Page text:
What Are Pheromones — and Do They Really Work?

What are pheromones, exactly? (Asking for a friend.) Okay, if you’ve read any of my articles, by now you know if I’m asking for a friend, I’m really asking for myself — but really, what’s the deal with pheromones?

If you’re anything like me, you’ve probably listened to a few podcasts or read various articles that explain pheromones as being the body’s natural smell that can attract potential partners. Is that true, though? And do pheromones work?

Let’s get down to the bottom of this and learn more about pheromones and whether they really do anything.

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What are pheromones?

Pheromones are substances secreted to the outside by an individual, which are then received by a second individual of the same species, as noted in a 2013 article published in the journal Facts, Views, and Vision.

The article states that many examples of pheromones exist in animals, but their role in humans remains uncertain since adults don’t have a functioning vomeronasal organ, which processes pheromone signals in animals.

Animals use pheromones for almost everything, including survival-related behaviors like engaging in protective mannerisms, locating food, and sensing predators. Additionally, pheromones in animals can activate things like aggression, attraction, or fear. They also impact maternal bonds, sexual arousal, and territory markers. (It’s wild how much animals rely on pheromones — quite literally and figuratively.)

Amira R. Martin, a licensed clinical social worker, couples therapist, wellness expert, and owner of Amira for Her, explains that humans do have pheromones — but they’re not as potent as those in animals. The primary difference between human and animal pheromones is their function — and although the human sense of smell isn’t nearly as strong as animals, pheromones can still be detected by the olfactory system.

Pheromone meaning

This same 2013 article states that human pheromones may be present in bodily secretions such as breast milk, semen, urine, and vaginal secretions. Pheromones may also be present in the breath and saliva, yet most attention thus far has been directed toward axillary sweat (aka sweat that comes from the underarms).

Theoretically, once released into the air by one individual, these secretions can then potentially be detected by another individual via receptors in their nasal passages. The same goes for animals, but animals actually have a specific well-developed organ that’s thought to detect the pheromones from other animals secreted in close proximity. Although pheromones are recognized through the nose, they may not have a detectable scent.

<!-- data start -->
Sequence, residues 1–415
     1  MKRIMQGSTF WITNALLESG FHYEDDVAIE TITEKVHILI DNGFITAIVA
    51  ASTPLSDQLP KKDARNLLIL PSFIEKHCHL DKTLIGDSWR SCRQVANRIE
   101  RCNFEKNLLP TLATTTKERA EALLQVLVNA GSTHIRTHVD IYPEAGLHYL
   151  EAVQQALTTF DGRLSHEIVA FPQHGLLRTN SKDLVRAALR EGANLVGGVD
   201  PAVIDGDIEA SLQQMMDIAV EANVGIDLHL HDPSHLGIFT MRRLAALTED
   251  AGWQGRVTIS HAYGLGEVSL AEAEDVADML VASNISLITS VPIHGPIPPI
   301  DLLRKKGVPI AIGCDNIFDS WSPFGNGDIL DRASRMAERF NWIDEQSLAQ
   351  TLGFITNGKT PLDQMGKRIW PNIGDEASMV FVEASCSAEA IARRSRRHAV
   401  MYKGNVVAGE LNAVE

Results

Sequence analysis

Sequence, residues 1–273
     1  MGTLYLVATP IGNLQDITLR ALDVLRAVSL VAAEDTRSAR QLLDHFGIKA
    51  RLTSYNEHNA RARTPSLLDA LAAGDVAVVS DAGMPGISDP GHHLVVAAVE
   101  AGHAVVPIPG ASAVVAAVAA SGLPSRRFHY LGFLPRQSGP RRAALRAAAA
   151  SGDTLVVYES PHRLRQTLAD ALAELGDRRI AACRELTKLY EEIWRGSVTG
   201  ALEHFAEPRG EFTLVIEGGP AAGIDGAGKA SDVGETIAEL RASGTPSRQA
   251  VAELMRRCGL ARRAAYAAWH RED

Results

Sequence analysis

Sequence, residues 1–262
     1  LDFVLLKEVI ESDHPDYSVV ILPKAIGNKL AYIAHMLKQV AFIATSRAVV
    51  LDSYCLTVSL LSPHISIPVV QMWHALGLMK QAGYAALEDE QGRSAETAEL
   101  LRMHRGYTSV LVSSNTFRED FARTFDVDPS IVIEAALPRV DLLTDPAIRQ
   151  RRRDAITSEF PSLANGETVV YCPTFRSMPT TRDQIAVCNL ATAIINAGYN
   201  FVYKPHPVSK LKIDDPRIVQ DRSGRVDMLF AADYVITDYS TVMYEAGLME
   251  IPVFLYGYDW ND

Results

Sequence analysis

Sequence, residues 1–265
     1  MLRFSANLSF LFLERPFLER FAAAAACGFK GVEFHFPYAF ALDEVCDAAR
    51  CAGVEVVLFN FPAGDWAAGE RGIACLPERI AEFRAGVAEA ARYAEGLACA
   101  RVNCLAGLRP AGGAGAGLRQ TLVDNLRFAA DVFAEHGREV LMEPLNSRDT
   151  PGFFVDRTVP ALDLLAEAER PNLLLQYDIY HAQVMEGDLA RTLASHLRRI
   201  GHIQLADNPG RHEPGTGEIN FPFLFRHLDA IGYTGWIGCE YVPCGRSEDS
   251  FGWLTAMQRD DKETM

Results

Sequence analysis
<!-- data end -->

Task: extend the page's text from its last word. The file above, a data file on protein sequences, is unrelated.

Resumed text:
When a pheromone is detected by the recipient, it’s believed to send a signal to the brain that can influence things like mood, reproduction, and sexual function. The body basically uses this information to make sense of the environment and respond appropriately, whether that means sex or survival if a threat is present.

Do pheromones work?

Do pheromones actually work? Well, it’s kind of unclear. There’s a lack of scientific consensus as to whether or not human pheromones exist despite a body of research supporting the theory. They definitely exist in animals — but in humans, more work still needs to be done.

For years, scientists have studied pheromones but have been unable to scientifically validate the correlation between pheromones and sexual attraction due to the complexity of human interaction, the genetic variability of odors, and the molecules themselves as the components of pheromones are notoriously tricky to isolate.

“While some studies have shown that pheromones may influence attraction and arousal, others have shown that they do not play a significant role in human attraction or falling in love,” remarks Martin. “The evidence is not consistent.”

However, Martin notes that it’s possible high levels of pheromones may make people more sexually attractive to others — which could encourage more attention and social engagement. She says people who experience a love-at-first-sight reaction or a strong attraction to someone are likely experiencing a complex interplay of factors beyond just pheromones.

In reality, the amorous feeling that love in the air isn’t as simple as pheromones at work but is rather likely due to several factors that cause someone’s behavior to shift when they take in certain chemicals from another person.

The bottom line on pheromones

Now you know that smelling someone else’s pheromones may not activate the “get it on mode” immediately. Unfortunately, attraction is far more complex than that. However, scent still plays a role in attraction and desire.

“Research has shown that we are attracted to people with different immune system genes than our own and that we can detect these differences through smell,” says Martin. “Additionally, pleasant scents can create positive associations and increase attraction.”

So make sure to practice good personal hygiene to eliminate any unwanted odors that may deter a partner from making that first move.

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About Ashley Martens

Ashley Martens is a Wellness Writer based in Chicago, Illinois. With a lifelong passion for all things health and wellness, Ashley enjoys writing about topics to help people live happier and healthier lives. With a foundation in fitness, food, and nutrition, Ashley covers it all including sexual health and travel topics.

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